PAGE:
Another key difference is that under IBR, borrowers always pay the same share of income toward their loans, regardless of how much they borrowed initially. But ISAs often charge students a higher share of income if they receive a greater amount of funding, in order to discourage excessive financing.
For now, ISAs remain limited to a small corner of the private market, though, as noted, the model has grown rapidly in recent years. In his essay on the role of government in education, Friedman wondered why equity finance for education was not more popular, despite its theoretical superiority to debt. The difficulty of administering such a scheme was one potential issue, which led Friedman to call for a budget-neutral government program to provide ISAs to students.
Such administrative difficulties are fewer now than they were in 1955, thanks to technology. But there may still be a case for a government-funded ISA to replace the federal student loan program. If political reality dictates that the government must have a major role in higher-education finance, a national ISA would be superior to a national student loan program. There are other arguments in favor of a government program. A purely private ISA market might not provide an acceptable level of access to higher education. And if it became the default option for most students, a government-run ISA would mitigate adverse selection.
However, the federal government running an ISA could make the same errors that it has made administering the federal loan program, such as confusing the borrowers with muddled explanations of program terms. Another danger is that Congress might set the parameters of a public ISA in the wrong places. Make the program too generous, and it could waste taxpayer money; make it too stingy, and students might not participate. Seemingly small changes in ISA terms can make big differences to the overall cost of the program.
Though ISAs are simple in theory, they have several parameters that policymakers must pin down before they can create an effective program. Necessary terms include the income-share rate: the percentage of income that a student must pay toward his obligation. The length of the ISA obligation is another important parameter: How long should a student pay before his obligation is extinguished?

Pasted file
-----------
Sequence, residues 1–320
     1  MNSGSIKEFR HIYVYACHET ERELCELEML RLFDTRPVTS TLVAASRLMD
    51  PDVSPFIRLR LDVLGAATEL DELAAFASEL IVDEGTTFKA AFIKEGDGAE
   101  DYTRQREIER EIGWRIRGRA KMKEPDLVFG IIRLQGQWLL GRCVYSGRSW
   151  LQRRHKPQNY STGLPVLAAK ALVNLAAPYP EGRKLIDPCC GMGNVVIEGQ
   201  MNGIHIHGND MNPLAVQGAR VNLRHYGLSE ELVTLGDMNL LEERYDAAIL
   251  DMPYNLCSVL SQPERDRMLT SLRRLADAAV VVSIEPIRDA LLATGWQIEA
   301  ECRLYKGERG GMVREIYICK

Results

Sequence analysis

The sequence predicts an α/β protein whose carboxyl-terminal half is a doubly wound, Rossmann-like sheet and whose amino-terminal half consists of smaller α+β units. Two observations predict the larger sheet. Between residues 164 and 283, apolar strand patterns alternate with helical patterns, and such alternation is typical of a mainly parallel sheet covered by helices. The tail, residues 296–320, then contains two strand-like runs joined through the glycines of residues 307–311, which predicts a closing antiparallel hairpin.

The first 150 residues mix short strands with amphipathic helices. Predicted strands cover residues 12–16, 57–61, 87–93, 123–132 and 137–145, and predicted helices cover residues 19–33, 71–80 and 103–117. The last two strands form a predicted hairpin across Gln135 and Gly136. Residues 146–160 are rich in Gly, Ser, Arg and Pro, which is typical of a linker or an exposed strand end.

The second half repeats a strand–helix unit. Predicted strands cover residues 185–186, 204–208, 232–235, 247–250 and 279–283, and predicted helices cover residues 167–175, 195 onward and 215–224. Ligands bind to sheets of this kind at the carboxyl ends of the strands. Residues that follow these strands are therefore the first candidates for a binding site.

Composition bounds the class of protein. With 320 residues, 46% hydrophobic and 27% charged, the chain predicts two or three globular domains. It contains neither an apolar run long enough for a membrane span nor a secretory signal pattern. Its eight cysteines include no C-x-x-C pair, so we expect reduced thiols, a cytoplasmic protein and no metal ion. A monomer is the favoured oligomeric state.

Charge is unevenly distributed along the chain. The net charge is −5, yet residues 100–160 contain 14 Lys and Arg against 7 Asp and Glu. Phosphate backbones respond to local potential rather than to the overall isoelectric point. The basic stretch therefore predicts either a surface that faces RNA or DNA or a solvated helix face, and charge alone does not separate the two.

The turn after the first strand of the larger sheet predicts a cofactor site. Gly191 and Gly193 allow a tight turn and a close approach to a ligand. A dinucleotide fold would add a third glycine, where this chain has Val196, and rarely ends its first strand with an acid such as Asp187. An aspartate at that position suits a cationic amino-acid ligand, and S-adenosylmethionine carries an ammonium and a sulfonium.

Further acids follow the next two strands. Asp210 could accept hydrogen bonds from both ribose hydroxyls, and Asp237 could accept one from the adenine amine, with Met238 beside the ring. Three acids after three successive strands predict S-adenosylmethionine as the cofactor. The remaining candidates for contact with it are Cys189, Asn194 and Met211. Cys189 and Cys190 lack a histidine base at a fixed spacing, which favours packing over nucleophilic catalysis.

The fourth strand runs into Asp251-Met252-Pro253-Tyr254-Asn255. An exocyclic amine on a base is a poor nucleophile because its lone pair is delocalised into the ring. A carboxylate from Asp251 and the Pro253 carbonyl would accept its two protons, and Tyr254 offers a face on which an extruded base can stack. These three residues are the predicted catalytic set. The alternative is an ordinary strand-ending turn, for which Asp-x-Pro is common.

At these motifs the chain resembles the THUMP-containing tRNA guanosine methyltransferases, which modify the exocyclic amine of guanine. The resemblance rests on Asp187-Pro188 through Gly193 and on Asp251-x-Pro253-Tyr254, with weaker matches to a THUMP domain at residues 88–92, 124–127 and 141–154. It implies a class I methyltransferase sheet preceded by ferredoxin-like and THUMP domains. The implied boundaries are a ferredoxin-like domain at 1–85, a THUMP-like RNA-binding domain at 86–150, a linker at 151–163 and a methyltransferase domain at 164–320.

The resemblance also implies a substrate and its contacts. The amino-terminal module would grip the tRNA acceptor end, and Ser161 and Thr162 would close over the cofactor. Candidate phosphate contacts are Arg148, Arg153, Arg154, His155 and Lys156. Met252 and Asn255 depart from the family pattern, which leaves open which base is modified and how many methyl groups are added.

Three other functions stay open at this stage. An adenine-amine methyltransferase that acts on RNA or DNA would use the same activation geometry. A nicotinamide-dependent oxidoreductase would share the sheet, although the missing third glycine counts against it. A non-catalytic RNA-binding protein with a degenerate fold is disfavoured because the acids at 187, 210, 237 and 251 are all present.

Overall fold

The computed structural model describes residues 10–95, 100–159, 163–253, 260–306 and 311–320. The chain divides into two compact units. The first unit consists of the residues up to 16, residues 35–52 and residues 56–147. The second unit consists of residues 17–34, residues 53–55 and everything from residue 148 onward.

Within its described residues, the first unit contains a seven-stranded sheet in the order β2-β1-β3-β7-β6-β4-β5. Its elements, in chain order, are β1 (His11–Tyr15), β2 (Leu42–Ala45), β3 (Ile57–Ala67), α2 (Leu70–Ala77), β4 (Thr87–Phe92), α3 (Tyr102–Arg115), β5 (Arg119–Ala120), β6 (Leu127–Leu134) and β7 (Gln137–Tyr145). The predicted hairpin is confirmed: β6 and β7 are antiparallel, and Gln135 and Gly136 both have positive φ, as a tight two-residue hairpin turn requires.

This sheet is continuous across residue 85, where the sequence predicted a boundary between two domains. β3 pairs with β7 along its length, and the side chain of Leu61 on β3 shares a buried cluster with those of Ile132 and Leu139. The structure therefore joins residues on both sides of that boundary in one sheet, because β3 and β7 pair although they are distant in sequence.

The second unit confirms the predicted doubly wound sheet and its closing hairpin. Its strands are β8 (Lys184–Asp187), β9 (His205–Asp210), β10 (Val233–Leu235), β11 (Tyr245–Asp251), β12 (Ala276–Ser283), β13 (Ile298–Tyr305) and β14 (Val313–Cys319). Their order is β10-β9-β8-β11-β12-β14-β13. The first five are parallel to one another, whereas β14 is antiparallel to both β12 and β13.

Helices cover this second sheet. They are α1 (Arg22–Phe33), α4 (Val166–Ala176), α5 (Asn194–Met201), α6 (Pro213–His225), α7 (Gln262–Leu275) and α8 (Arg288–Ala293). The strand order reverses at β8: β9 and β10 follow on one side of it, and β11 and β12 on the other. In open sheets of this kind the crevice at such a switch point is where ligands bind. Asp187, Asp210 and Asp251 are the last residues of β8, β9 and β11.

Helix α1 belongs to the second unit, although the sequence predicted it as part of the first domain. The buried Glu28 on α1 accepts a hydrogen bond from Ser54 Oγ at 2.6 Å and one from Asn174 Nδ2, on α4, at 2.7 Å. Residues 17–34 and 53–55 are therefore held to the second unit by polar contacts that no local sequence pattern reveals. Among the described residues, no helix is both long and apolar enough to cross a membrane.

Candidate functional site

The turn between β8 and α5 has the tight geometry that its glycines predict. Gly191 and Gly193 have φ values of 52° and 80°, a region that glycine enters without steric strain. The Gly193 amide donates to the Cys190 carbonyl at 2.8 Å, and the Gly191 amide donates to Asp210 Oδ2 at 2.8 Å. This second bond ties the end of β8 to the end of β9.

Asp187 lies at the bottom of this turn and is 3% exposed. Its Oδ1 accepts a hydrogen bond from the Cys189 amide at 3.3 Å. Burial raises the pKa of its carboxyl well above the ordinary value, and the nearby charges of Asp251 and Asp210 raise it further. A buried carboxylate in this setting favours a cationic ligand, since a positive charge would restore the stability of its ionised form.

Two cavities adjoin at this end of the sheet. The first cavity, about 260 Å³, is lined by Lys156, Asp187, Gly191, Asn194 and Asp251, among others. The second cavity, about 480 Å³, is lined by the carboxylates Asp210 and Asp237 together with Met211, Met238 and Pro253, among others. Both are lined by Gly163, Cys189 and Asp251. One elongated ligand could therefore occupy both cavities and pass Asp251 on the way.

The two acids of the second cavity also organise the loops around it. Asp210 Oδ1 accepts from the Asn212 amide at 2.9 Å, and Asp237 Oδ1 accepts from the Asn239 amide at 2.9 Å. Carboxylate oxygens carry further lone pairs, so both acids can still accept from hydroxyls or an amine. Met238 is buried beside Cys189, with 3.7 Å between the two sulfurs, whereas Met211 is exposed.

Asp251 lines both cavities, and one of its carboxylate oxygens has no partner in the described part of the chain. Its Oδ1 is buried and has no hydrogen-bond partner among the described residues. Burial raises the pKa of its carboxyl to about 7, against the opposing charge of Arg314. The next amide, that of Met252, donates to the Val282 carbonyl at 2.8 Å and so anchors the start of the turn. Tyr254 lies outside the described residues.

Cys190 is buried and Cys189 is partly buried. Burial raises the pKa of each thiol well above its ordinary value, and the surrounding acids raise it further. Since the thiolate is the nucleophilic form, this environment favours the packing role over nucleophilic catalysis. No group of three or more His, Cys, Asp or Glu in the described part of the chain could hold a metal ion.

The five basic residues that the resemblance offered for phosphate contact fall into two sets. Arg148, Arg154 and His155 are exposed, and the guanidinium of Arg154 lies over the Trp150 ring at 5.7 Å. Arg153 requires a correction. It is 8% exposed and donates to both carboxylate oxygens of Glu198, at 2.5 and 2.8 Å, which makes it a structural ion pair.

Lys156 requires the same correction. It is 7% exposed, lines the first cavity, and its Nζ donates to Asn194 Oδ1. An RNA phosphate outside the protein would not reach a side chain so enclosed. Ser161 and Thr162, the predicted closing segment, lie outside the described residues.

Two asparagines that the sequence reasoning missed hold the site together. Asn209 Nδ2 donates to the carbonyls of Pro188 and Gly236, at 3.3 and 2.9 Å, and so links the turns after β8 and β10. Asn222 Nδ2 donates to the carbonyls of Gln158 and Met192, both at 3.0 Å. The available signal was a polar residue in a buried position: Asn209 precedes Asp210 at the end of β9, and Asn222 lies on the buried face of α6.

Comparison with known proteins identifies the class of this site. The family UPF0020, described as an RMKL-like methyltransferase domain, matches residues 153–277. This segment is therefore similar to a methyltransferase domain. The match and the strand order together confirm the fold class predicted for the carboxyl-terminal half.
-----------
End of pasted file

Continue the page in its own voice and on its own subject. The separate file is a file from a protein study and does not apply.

Beyond these parameters, an ISA’s designers must answer other questions, including:
- Should the income-share rate vary with the amount received?
- Should the terms vary with a student’s institution or field of study?
- Should students be excused from making payments if their income falls below a certain level? (Most private ISAs include this feature.)
- If yes, where should that threshold be set?
- Should there be a cap on the amount of funding that a student can receive?
- What about a cap on total payments, to reduce adverse selection? (Again, a feature in most private ISA programs.)
With so many balls in the air, it’s easy for policymakers to get it wrong. Friedman anticipated this problem. “For such reasons as these,” he wrote, “it would be preferable if similar arrangements could be developed on a private basis by financial institutions in search of outlets for investing their funds, non-profit institutions such as private foundations, or individual universities and colleges.”
In other words, before the federal government considers a national ISA, the prudent course is to learn from the experience of private organizations. Further private experimentation with ISAs can give researchers and policymakers a better idea of how the program should be designed and where its parameters should be set. Fortunately, enough institutions now offer ISAs that we can ascertain how the market will take shape.
Academic Institutions Are Leading the Way
The most prominent institution-based ISA program is Purdue’s “Back a Boiler” initiative. Spearheaded by President Mitch Daniels, a former governor of Indiana, the program has served several hundred undergraduate students and disbursed nearly $10 million in funding.
Back a Boiler is meant to supplement low-interest federal loans and only replaces private and Parent PLUS loans. It is available to students in their second year, or later, who have declared a major (the program varies the terms that a student receives, according to his major). Students cannot receive more than $33,000 throughout their college career.